Stop and feel the sunshine

I recently watched a nature show on PBS and a guy came on and said we all need to take a moment to step back, set our hectic lives on pause, and go outside on a sunny day. Turn our faces into the sun and feel the warmth. We are to marvel, if we can, on the fact that it exists.
Ah, yes. The beauty of the natural world is too easily taken for granted. The sun, the plants, the animal life, everything that is around us. We spend so much time indoors behind a desk or behind a television set —or behind our computers —that we have lost our ability to be amazed at God’s incredible creation.
And then the next day I received my copy of that handy 5-inch by 8-inch Department of Natural Resources magazine, Minnesota Conservation Volunteer, at the Daily Globe. That little bi-monthly has often, in the past, been put on a shelf as I moved on to more pressing matters, but the March-April edition contains a delightful photograph of pink and white orchids taken by Jim and Judy Brandenburg.
Jim Brandenburg, it might be fair to say, is a living Minnesota legend. There is an impressive Wikipedia page devoted to him (you know you’ve arrived when you’ve got a page devoted to you on Wikipedia), and for good reason. He is perhaps best known for his more than 25-year association with National Geographic magazine, but his outstanding work also extends into books and filmmaking. His best-selling book “White Wolf” led to a film project on the same topic that has been seen in more than 120 countries.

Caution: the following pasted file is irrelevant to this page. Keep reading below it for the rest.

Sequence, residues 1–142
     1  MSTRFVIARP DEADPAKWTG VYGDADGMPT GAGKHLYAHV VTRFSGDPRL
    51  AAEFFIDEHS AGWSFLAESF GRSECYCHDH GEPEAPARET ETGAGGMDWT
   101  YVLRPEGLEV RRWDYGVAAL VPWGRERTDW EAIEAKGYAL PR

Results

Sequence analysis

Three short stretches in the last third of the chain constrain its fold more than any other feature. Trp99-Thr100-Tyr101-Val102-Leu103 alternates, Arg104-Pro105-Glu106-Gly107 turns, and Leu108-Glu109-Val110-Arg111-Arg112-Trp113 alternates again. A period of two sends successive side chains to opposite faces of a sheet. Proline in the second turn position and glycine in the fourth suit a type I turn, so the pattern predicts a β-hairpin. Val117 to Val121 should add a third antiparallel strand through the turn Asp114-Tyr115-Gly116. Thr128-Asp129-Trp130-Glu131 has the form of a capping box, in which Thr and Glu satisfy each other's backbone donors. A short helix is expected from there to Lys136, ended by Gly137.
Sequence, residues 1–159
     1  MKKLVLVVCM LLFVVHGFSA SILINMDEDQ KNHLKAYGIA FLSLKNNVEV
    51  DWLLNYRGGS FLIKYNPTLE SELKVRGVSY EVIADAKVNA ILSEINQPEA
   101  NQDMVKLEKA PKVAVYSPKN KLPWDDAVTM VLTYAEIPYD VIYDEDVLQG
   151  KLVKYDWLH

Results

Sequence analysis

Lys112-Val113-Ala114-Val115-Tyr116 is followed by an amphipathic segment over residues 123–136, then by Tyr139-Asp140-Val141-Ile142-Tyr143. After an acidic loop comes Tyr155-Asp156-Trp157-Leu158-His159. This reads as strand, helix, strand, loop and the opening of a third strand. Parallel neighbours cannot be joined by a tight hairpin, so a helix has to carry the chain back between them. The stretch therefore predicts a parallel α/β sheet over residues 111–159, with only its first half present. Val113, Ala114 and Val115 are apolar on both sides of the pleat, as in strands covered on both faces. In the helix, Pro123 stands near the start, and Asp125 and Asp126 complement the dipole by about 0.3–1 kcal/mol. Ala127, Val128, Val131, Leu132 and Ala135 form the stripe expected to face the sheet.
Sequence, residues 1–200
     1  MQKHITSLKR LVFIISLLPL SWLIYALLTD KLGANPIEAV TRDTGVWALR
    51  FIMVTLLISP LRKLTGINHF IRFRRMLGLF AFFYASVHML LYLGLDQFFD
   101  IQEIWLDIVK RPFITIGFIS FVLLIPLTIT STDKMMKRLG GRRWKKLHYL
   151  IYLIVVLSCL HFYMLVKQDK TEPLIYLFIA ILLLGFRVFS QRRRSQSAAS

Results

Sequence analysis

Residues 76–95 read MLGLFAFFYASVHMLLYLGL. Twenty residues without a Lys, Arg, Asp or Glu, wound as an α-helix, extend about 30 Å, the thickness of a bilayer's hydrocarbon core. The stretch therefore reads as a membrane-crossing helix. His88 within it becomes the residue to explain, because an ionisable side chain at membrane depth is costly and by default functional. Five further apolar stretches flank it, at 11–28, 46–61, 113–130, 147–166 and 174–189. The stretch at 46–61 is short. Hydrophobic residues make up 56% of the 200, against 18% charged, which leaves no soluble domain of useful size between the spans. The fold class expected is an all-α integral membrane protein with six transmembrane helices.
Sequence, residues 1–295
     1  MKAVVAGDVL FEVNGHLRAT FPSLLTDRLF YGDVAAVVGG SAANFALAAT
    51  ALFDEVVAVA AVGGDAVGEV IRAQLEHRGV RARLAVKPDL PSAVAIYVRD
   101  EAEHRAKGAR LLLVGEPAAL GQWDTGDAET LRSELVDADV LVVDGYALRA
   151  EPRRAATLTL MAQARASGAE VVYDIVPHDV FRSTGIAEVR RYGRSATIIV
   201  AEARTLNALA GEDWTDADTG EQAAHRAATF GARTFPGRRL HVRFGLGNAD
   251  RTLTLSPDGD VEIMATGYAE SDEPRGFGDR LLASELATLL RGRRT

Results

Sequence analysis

Brandenburg’s national and international awards are too many to mention here, but it is a point of pride that he was born and raised in Luverne, studied at Worthington Community College and once worked as a photojournalist at the Daily Globe.
The Brandenburg orchids are so beautifully photographed that one might prefer looking at them in the Minnesota Conservation Volunteer than to see them in person. But as beautiful as the photographs are, it is also a pleasure to peer at the remainder of the magazine to see a piece on spruce grouse and Minnesota frogs.
Did you know that there are 14 species of frogs and toads in Minnesota?
Besides that, there is an article on John James Audubon, the quintessential naturalist of the late 18th and early 19th century whose depictions of American birds still fascinates today.
Tomorrow is March 20, the official first day of spring. Happy we are that we’re not still trapped in our sub-zero Minnesota winter and we can now don our spring coats and gaze at the natural beauty that surrounds us. It is easy, as adults, to lose our fascination with the world. But I think we’d be happier people if we took the time to stop and smell the roses — or turn our faces toward the sun.

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